The albums on Stiff Records you should definitely own

Stiff Records founder Jake Riviera at the Stiff office
Stiff Records founder Jake Riviera at the Stiff office (Image credit: Douglas Doig)

Formed in July 1976 by Jake Riviera and Dave Robinson, two entrepreneurial scamps from the London pub-rock scene, Stiff Records became the blueprint for almost every indie label that followed. 

The idea was to offer an alternative to 70s pomp rock. The pair took a £400 loan from Dr Feelgood singer Lee Brilleaux and set up a makeshift office in West London. It was a simple ethos: record the best new talent and get it out. Fast. A whole raft of slogans – ‘Today’s Music Today’, ‘The World’s Most Flexible Record Label’, ‘If It Ain’t Stiff It Ain’t Worth A Fuck’ – reinforced Stiff’s impish reputation as the rough-and-ready tyke who dared take on the majors. 

Stiff’s first release was Nick Lowe’s So It Goes in August ’76, reportedly made for just £45. Lowe became the label’s in-house producer, earning the nickname Basher (“I just bash it down and tart it up later,” was his studio philosophy). The roster was soon bolstered by such disparate talents as The Damned, Ian Dury, Wreckless Eric and, for one single only, Motörhead

But perhaps Stiff’s greatest early coup was discovering 22-year-old Declan MacManus, a young Londoner who wrote songs while holding down various office jobs. Riviera signed him on the strength of a demo tape and gave him a new identity: Elvis Costello. His 1977 single Watching The Detectives became Stiff’s first Top 20 hit. 

Riviera quit Stiff in late 77 for Radar Records, taking with him both Lowe and Costello. Undaunted, Robinson pressed on. Ian Dury & The Blockheads repaid his faith in January 1979 by giving the label their first No.1 with Hit Me With Your Rhythm Stick. Soon after, Robinson signed Madness, who almost single-handedly kept Stiff upright throughout the early 80s, scoring 18 hits in five years. By 1986, though, Stiff collapsed with reported debts of around £3m. 

The intervening years saw an influx of Stiff-inspired indies, among them Creation, Go! Discs, Food, Domino and XL. Then, in 2007, came the revival. ZTT and parent company SPZ Group, who had bought the rights in the 80s, relaunched the label, breaking new acts like The Enemy and reviving old ones like Wreckless Eric. Some people, it seemed, just couldn’t stay away. Here, we look back through the label's best offerings.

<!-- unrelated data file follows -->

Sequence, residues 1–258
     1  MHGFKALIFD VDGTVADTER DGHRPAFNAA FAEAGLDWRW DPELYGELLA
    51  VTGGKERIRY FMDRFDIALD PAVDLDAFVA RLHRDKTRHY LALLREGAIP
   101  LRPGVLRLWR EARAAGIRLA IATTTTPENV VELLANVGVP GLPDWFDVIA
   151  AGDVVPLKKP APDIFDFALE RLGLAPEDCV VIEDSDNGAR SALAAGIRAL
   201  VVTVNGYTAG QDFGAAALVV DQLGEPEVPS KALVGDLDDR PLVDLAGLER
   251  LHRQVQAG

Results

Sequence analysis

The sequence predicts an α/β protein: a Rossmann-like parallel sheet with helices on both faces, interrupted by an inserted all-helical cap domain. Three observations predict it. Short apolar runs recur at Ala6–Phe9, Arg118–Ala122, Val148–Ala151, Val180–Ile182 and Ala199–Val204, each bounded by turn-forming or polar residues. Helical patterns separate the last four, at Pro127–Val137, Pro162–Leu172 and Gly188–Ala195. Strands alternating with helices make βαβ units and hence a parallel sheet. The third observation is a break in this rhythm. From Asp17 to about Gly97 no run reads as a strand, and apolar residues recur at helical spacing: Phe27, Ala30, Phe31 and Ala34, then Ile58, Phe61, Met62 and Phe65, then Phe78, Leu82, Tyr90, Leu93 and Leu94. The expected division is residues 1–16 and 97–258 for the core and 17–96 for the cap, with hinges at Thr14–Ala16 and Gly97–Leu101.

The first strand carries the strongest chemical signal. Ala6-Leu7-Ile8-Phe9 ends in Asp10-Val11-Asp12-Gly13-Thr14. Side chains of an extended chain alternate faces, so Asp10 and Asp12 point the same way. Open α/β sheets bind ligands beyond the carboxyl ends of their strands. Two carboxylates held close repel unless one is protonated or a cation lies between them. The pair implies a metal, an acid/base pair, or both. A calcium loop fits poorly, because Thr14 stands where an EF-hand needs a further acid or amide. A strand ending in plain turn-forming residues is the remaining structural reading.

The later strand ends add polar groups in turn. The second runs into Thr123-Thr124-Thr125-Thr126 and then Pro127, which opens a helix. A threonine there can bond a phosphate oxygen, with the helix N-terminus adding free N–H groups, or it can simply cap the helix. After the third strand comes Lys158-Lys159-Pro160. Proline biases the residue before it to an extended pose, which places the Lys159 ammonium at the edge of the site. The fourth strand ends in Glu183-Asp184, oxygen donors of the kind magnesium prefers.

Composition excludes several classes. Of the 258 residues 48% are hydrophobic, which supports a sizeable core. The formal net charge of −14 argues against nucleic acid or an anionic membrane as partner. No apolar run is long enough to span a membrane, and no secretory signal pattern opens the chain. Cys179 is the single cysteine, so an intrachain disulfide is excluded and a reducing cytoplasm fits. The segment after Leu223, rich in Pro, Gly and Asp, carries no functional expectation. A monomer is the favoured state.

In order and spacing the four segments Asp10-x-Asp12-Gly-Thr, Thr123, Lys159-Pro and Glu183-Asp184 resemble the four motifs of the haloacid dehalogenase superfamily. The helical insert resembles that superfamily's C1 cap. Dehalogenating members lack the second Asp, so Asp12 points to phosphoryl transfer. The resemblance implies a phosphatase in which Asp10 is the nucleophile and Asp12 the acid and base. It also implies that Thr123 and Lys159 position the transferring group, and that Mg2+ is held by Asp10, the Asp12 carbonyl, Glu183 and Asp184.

Ian Dury - New Boots And Panties!! (1977)

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At 35, Dury was a relative veteran by the time he became the Razzle in Stiff’s pocket, having briefly worked as a teacher before forming pub-rockers Kilburn & The High Roads in the early 70s. 

The music on this debut was startlingly singular – seedy music-hall parodies set to taut, funked-up backings. Dury’s phlegmy voice and razor wit were perfect for lewd ditties like Wake Up And Make Love With Me and Billericay Dickie (‘I bought a lot of brandy/When I was courting Sandy/Took eight to make her randy’). Sweet Gene Vincent was a tender tribute to his early hero and fellow polio sufferer. 

The Pogues - Rum Sodomy &amp; The Lash (1985)

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Elvis Costello produced the second album from London-Irish upstarts <a href="" data-link-merchant=""" data-link-merchant="Amazon UK"">The Pogues, although he attributes this piece of punk aggro and folk traditionalism to the band themselves. His role, he said later, was to record them “in their dilapidated glory, before some more professional producer fucked them up”.